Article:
Sunday, 2 September 2012

In the Company of Goddesses

This week I was fortunate enough to be sent a review copy of the collected letters of Jane Morris.  My rather mixed feelings for Mrs Morris are well known, but I have a passion for wanting to know more about her, to see if I can understand the woman who was at the centre of such unhappiness for Fanny.  In my perpetual quest to find some common ground for Jane and I, I turned the page onto this photograph...

The woman second from the right is Jane Morris, stood next to (from the left) Jane Cobden, Thomas Sanderson and, on her right, Anne Cobden.  Even with some quite appalling posture Jane obviously towers over them.  Two things struck me about the image; firstly, I know Jane suffered from back problems and I wondered how many of them were caused by her bad posture, attempting to minimise her height.  Secondly, how did images of her change the perception of the perfect woman?  What does the image of Jane Morris tell us about Victorian feminity and the construction of perfected womanhood?

I am a tall woman.  At five foot eight I towered over my four-foot-nothing Victorian grandmother at about eight, and was taller than my own mother as soon as I hit puberty.  I seemed to have surrounded myself with even taller friends (not to mention the male members of my family, who are well over six foot) so I found myself among the giants and never felt the need to slouch to fit in.  Carnation-Lily-Lily-Rose Walker, it must be noted, is a very tall girl, already wearing jeans for nine year olds while she is only 6, so she may yet be as tall as my six foot eight brother.  Anyhow I digress...

Windsor Castle in Modern Times (1840-5) Edwin Landseer
Queen Victoria, tiny and wee, became an obvious model for Victorian womanhood.  Factor in all those qualities of meek, angelic, childlike goodness and innocence and all that malarkey, then the perfect package of womanhood was a little one.  Look at Queen Vic, she's barely taller than Albert, and he's sat down!  At five foot, she was still taller than Grandma Daisy, but was a dinky little woman.  In her likeness, the small became all...

Woman's Mission: Companion of Manhood (1863) George Elgar Hicks
A good wife should never rise above your shoulder, but should be a little taller than a spaniel.  Sorry, but the pose of this woman reminds me of many a faithful dog...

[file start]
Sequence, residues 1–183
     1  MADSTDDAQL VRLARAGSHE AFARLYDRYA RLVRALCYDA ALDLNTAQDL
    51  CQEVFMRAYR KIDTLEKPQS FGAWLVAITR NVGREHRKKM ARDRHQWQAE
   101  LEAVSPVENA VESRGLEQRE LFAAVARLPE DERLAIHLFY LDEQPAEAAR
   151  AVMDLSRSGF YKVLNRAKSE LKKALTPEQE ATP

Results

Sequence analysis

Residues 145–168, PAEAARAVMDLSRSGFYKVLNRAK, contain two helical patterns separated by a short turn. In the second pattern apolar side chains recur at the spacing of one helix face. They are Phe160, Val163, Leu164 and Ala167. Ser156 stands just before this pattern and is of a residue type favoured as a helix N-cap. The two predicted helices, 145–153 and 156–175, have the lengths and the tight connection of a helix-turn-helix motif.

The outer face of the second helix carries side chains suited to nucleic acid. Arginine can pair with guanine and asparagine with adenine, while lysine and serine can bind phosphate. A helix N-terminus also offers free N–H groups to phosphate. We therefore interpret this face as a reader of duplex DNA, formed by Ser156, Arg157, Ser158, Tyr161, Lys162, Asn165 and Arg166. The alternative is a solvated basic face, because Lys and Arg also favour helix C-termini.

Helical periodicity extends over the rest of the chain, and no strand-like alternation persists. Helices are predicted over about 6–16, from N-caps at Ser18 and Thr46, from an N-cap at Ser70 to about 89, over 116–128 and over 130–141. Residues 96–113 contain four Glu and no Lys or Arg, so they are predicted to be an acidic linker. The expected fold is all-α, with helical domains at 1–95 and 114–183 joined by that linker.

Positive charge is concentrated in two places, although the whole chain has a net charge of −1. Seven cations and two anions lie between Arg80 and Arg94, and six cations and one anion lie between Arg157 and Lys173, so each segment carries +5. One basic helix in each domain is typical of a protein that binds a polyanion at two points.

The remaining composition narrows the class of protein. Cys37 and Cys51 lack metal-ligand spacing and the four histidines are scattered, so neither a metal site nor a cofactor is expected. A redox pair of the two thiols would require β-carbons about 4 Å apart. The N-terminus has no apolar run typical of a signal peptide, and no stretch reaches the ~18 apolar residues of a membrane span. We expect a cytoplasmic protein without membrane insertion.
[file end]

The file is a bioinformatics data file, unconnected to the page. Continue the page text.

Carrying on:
The Long Engagement Arthur Hughes
Yes, like that one!  A nice, meek, shiny haired lady, leaning in to her big strong gentleman admirer/husband, although I suspect Hughes' girl is thinking 'Get on with it, I've been through half a dozen spaniels since you proposed!'  Little simpering girlies do seem to litter Victorian art, and the following must be the most heinous example.  Shame on you Johnny....

Bob and the Girl from Ipanema (1848) J E Millais
Yes, I know that's not the real title but honestly, it's so revolting.  Apart from the embarrassing wardrobe malfunction, Queen Victoria seems to be guesting as Iphigenia, while her mates attempt not to appear in such an embarrassing painting behind her.  The figure is Academy-pleasing (although it didn't please anyone) and pandering to the standard of womanhood of the time.  Oh deary me.  
The ideal of womanhood was challenged by the Pre-Raphaelites and their desire to paint from actual people, normal, real people.  It wasn't only the use of Lizzie Siddal's copper tresses that raised eyebrows, but also the faces of real women that looked out of the canvases that caused a revolution.  No more simpering, bland Etty maidens, no more Queen Victoria-a-likes in a variety of costumes, simpering and sighing.  However, the figure of feminity still appeared slight...

Ophelia Arthur Hughes
Partly, the blame lies with the subjects that attracted our angry young men.  Ophelia, fragile of mind, seemed no more than a girl, victim of her first love.  Shakespeare is full of young heroines that could be shown as girlish slips of things.  The women who were used were slight, working-class and young, so although the early years of PRB fought many of the traditions of art, the ' perfect tiny woman' was not one of them.

Isabella and Lorenzo (detail) (1849) J E Millais
Then along came Jane Morris...

This is definitely my favourite picture of her, and if Angelina Jolie is reading this (as I assume she often does) then she should give me a call about being Jane Morris in a Hollywood version of the Pre-Raph story.  Come on Angie, we'll call Tim Curry, it'll be grand.  Anyhow, Jane, like most of her Pre-Raphaelite Sisters, was a contrast, a deviation from the accepted story.  She was tall, she was frizzy and she was filled with brooding.  And with all this, she was adored.

Astarte Syriaca (1877) D G Rossetti
Anyone who has seen this picture in real life knows how massive it is, that the Goddess Astarte looks enormous, truly awe inspiring.  She doesn't have an ounce of simper in her and she looks like she could have you in a fight.  It's not just this image of Jane that has this quality.  I don't think there is a passive image of Jane in existence...